Centipede Eest, like its namesake critter, is a bit tough to pin down. The local band's music is percussive and danceable, but the lyrics are often cerebral; while the group plays long jams, it's not a jam band, exactly. "We talk sometimes about how fun it would be to play the jam-band circuit," says bassist Caulen Kress, "but I think we'd just have fun playing long sets outside. The rest of it wouldn't be that fun."
"We exist in a weird space," adds guitarist Jim Lingo. "We play too straight for the weirdos sometimes, but too skewed for the squares."
Without a conductor or director, without a main songwriter, the ensemble establishes a unique sound beyond the individual visions of the five accomplished rockers who constitute its lineup. "[Each member] is comfortable with their own identity," offers utility player Josh Tanzer. "There's no mission statement we're working toward." And that, ironically, might be the crux of what makes the band work.
Centipede Eest is now releasing its second full-length, Confluence, a little less than a year after the vinyl EP Surf Licks and the Wall of Sound For World Peace. Both were recorded by Tanzer at the same sessions at the New Hazlett Theater, in 2007.
Tanzer's relationship with the band began at a show in San Francisco, where he was living in 2006. A Pittsburgh native, Tanzer knew Kress; he soon hit it off with the rest of Centipede, returning to record the early 2007 session. Centipede invited him to sit in at an improv show later in the year, and soon enough he was playing with the group on the regular, splitting time between keyboards and guitar. The lineup now consists of Tanzer, Boombox alums Lingo, Kress and drummer Sam Pace, and, from Shopping, guitarist and singer Nick Patton (née Fallwell -- he married this year and changed his name).
Patton and Lingo are the purveyors of verse; their styles of lyric-writing are as readily told apart as their two distinct voices. Lingo's sense of wordplay is foregrounded on songs like the title track. Patton's words are musical themselves even before being set to song; it's never more evident than on "Evidence of Heaven," which opens, "There's no time like the prior / Said the friar to his sire / As we strode the loch and water took wing."
Complementary guest musicians appear throughout Confluence -- Midnite Snake's Alexei Plotnicov and Paul Quattrone; Jody Perigo, formerly of Great Ants; and DJ/noise artist Ed Um -- but the most notable collaboration comes in the final track, "New Sudan." Majier Ayuen, a friend of Lingo's displaced from his home in southern Sudan, contributed lyrics and vocals in his native Dinka language. The track isn't brand-new; it's been in development since the early days of the band, and an instrumental version appeared on a local compilation in 2006. Ayuen's addition of vocals, though, completes the song, which is based on a traditional anthem from that terror-stricken land.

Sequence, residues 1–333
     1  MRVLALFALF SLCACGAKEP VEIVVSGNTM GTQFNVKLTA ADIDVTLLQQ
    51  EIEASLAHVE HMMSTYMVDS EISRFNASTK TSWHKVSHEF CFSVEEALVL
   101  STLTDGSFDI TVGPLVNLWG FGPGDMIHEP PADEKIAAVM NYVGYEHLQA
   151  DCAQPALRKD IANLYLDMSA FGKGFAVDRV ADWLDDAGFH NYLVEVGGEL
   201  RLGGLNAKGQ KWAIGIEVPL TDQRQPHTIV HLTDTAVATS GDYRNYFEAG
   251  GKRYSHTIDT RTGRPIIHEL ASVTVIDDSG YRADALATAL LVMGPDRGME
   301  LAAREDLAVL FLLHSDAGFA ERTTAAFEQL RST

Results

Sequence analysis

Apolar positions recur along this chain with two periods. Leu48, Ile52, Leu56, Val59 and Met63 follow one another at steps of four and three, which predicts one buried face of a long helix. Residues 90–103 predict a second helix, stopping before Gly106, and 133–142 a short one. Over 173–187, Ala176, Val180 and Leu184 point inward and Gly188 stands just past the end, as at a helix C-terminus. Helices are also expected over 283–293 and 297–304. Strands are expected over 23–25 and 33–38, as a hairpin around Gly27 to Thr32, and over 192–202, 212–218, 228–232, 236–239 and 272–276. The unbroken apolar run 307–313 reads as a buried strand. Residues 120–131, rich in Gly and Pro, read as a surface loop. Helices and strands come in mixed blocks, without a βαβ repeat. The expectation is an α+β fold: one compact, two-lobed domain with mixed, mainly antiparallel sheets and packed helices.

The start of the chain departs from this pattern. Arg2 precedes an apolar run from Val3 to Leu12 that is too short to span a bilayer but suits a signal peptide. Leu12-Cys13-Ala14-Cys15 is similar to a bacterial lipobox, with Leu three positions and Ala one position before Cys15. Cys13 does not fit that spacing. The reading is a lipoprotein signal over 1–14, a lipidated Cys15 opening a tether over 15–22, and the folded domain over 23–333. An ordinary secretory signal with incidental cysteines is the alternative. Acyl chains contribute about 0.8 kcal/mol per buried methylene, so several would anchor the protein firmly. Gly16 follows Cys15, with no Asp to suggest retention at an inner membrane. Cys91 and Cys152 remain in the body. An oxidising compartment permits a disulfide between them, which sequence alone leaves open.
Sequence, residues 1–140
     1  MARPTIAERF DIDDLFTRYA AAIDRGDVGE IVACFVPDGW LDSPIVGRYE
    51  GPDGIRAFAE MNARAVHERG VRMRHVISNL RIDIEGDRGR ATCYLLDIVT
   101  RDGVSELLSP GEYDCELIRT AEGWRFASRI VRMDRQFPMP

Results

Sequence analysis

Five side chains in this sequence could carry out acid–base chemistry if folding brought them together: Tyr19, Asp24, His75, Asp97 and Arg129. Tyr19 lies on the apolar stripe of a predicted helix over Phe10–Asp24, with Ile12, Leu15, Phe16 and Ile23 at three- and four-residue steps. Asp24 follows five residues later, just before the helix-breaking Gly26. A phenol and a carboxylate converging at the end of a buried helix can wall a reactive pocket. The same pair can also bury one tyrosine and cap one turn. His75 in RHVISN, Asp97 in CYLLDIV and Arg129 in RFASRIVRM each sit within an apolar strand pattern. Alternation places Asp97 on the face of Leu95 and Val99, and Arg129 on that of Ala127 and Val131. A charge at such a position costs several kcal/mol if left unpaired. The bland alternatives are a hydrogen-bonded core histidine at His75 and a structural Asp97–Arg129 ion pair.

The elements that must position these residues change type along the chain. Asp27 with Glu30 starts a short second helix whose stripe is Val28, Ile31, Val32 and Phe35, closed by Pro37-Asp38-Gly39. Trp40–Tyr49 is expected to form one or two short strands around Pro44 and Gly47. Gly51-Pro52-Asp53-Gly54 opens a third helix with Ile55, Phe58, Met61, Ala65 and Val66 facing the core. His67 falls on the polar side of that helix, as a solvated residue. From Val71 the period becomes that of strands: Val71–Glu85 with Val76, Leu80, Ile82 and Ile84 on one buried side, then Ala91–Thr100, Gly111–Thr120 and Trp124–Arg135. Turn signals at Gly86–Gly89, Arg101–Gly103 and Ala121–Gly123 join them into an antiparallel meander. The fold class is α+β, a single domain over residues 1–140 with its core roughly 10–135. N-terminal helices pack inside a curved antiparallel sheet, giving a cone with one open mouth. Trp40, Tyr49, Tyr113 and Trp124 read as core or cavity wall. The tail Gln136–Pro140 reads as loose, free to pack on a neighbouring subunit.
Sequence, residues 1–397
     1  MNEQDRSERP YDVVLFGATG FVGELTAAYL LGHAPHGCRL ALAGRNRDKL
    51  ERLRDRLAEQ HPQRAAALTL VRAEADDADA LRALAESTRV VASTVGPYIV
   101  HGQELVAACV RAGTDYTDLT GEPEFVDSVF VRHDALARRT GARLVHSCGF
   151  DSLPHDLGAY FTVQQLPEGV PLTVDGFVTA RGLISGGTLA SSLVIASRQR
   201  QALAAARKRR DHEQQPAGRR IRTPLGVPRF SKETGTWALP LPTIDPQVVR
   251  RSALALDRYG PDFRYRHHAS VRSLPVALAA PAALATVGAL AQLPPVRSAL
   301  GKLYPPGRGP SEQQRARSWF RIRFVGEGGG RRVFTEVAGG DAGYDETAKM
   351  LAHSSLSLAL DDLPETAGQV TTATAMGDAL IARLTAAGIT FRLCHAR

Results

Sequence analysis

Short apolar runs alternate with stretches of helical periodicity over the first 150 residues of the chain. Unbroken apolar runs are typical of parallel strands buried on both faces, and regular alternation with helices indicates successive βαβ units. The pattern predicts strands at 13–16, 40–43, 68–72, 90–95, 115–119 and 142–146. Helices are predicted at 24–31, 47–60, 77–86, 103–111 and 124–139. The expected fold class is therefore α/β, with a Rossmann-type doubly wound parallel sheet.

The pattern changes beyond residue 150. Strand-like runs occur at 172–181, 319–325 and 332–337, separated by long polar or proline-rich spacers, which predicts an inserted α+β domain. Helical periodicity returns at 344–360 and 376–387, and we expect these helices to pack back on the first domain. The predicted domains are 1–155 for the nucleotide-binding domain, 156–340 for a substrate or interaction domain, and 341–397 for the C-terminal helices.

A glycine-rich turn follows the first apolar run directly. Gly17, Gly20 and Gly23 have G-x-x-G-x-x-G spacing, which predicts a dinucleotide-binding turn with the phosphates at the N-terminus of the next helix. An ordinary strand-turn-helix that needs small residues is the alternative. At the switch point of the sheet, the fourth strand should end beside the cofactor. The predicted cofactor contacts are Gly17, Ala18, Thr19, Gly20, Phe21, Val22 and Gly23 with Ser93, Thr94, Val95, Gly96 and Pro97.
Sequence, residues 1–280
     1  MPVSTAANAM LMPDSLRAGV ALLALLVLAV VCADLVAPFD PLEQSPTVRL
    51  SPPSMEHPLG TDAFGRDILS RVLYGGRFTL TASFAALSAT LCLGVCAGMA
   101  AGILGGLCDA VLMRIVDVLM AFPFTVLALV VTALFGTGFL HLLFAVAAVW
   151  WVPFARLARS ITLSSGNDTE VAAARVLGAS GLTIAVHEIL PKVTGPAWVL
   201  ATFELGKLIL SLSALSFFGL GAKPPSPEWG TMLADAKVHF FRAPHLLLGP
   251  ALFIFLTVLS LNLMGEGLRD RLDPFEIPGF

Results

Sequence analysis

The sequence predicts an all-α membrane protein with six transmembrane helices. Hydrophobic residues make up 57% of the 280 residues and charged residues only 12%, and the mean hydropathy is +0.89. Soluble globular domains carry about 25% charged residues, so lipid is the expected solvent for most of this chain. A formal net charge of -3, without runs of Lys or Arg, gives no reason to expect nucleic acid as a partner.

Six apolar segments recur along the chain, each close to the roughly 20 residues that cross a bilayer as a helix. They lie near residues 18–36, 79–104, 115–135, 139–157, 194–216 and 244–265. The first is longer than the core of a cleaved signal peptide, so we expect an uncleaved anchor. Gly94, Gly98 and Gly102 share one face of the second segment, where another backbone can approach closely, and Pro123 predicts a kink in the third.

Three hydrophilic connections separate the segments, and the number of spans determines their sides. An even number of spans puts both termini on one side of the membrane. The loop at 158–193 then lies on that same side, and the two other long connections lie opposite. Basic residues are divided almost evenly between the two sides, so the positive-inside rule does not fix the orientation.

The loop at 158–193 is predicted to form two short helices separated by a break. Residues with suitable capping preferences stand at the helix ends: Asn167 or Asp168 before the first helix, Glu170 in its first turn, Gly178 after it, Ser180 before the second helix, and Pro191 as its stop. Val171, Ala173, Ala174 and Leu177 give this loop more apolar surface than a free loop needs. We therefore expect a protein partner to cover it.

Lingo sets up an opposition of sorts between the title track and "New Sudan." The anticipatory "Confluence" is a call for listeners to take action in their lives -- the wait is over. "New Sudan," on the other hand, is all about the wait: "[Ayuen is] talking about trying to come to a new land and find a place there, yet knowing it's not your own," explains Lingo. But both songs are "hopeful dreams of unity, I suppose," he adds.
Centipede is releasing Confluence on its own label, 100 Legs, also home to the band's previous EP and full-length. "I think of it more as an indie label we run, rather than a self-release," Kress explains, noting that the contacts he developed in the record industry while working at Paul's CDs have helped him work out distribution deals for the records. "We'd put more bands' records out if we had the money."
In the meantime, Centipede is playing two release shows on Fri., Oct. 3: First, a free all-ages show outside the Machine Age studio; then at Gooski's, with Brain Handle and Jackson, of Grand Buffet. Then they'll hit the road for a Northeast/Midwest tour. The group will bring Confluence, which, while over a year out of the studio, is a fresh and urgent document.
"I think every recording is a snapshot of what's going on [in a band], and the next one is newer and hopefully better," offers Pace, modestly. With its strongest effort yet, Centipede is living up to that estimation -- and when it hits the studio upon its return, more good things are likely on the way.
Centipede Eest Release Shows 7 p.m. Fri., Oct. 3 (with Raw Blow and DJ Edgar Um; Machine Age Studio, 3575 Bigelow Blvd., Polish Hill; all ages; free). Also 10 p.m. Fri., Oct. 3 (with Brain Handle and Jackson of Grand Buffet; Gooski's, 3117 Brereton St., Polish Hill; $5; 412-681-1658).
- Heather Mull
- On different pages together: Centipede Eest